A modification of the classical TSA process which is known as TPSA is described in U.S. Pat. No. 5,855,650. Here, the regenerating gas is heated during a period of regeneration such that the heat added to the regenerating gas is no more than 90 percent of the heat of adsorption liberated during the adsorption of the gas components which are adsorbed. Regeneration is continued after the ending of heating of the regenerating gas to continue to desorb the adsorbed gas stream component.
A further variant on the TSA process known as TEPSA is described in U.S. Pat. No. 5,614,000. Here, two different gas components such as water and carbon dioxide are adsorbed during the on-line period. A heated regenerating gas is fed during regeneration counter-current to the feed direction to produce a heat pulse travelling in the counter-current direction to desorb the less strongly adsorbed of the two adsorbed components. Heating of the regenerating gas is then terminated and feeding of the regenerating gas continues to allow the more strongly adsorbed component to be desorbed by pressure swing desorption, the regenerating gas being fed at a pressure lower than the pressure during the on-line period.
Whilst the present invention is of relevance to classical TSA systems, it is particularly suitable for use with TPSA or TEPSA systems where usually the period for which the regenerating gas is heated is reduced in comparison to classical TSA systems.
Usually in systems of the kind described above, at least two adsorber vessels are present and are connected in parallel. At any given time, one of these is on-line to adsorb one or more components from a feed gas stream whilst the other is being regenerated or is waiting for regeneration or to come back on-line. The adsorbent containing vessels are each connected through a first manifold to a source of gas which is to be purified. The downstream ends of the adsorbent vessels are similarly connected via a second manifold to a source of regenerating gas.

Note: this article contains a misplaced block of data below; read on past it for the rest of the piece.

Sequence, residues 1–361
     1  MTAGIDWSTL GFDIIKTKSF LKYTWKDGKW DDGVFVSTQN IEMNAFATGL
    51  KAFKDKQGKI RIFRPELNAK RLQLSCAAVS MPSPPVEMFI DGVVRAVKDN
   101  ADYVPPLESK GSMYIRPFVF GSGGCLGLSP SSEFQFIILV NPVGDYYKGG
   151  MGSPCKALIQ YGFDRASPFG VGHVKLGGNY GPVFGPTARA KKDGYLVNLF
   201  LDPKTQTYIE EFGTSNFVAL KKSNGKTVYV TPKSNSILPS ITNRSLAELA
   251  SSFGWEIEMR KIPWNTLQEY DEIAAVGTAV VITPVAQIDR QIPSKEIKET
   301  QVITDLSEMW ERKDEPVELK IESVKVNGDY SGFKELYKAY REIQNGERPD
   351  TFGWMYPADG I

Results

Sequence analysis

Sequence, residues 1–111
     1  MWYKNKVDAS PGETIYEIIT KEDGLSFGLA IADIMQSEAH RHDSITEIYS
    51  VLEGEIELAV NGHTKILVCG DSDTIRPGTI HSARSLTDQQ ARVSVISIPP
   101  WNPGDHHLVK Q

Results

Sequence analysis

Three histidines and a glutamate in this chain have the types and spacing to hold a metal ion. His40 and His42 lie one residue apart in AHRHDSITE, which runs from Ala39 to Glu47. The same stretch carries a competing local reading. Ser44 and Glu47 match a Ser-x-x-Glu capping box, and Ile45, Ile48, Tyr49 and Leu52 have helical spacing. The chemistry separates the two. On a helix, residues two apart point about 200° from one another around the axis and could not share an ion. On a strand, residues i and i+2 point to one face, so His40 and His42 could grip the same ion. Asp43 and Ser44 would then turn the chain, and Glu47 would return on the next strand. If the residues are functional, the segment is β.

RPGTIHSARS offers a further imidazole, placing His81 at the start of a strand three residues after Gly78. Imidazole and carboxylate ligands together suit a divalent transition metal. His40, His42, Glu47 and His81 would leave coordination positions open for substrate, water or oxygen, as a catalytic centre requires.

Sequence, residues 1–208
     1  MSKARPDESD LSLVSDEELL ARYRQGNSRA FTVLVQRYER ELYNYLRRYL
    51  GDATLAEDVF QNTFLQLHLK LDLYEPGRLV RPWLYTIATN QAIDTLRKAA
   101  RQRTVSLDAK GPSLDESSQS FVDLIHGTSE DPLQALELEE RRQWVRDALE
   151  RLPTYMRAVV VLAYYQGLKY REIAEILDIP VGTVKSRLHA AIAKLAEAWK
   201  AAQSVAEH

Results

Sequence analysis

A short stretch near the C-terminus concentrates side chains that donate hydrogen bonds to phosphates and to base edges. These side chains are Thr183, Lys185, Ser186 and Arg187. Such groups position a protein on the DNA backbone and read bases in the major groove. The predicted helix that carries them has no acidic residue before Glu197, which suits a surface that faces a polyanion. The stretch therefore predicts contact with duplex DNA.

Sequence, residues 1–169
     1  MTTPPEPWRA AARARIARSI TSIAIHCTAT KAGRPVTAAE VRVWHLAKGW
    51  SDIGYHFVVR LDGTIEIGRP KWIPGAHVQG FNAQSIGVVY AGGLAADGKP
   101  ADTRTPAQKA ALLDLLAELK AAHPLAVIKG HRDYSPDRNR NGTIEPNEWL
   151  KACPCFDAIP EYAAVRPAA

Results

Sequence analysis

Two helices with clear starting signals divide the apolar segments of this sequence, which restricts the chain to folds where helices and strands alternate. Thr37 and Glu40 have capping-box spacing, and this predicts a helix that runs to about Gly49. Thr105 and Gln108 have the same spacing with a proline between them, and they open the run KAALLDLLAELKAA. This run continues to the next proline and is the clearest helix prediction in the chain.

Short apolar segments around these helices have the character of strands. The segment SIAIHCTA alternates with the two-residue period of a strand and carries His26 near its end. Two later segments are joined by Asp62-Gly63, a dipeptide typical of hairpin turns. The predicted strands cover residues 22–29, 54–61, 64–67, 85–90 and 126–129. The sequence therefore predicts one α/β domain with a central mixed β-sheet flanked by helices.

The usual arrangement has been for a heater for the regenerating gas to be provided at a location which is down-stream of the second manifold in the product feed direction (upstream in the regenerating gas feed direction) so that it serves to provide heated gas to either of the two adsorber vessels as required.
An alternative arrangement is to provide a heater inside each of the adsorber vessels upstream of or within the adsorbent (see U.S. Pat. No. 5,213,593, WO 96/14917 and U.S. Pat. No. 3,193,985 as typical examples). Such a heater may extend through an internal pipe running from one end of the vessel to close to the other end.
As we have now appreciated, both of these arrangements have significant disadvantages. Where a common heater is positioned on the other side of a manifold connecting to both adsorber vessels, it takes a considerable period of time for gas heated in the heater to reach and begin to heat the adsorbent in the beds. Allowance must be made not only for the time required for the gas to be passed from the heater to the adsorbent beds but also for the provision of extra heat due to the need for the gas to heat up all of the intervening pipe and valve work before the full temperature of the heated regenerating gas begins to be applied to the adsorbent. This is of particular concern where the period during which the regeneration gas is heated is relatively short as in TPSA and TEPSA type systems.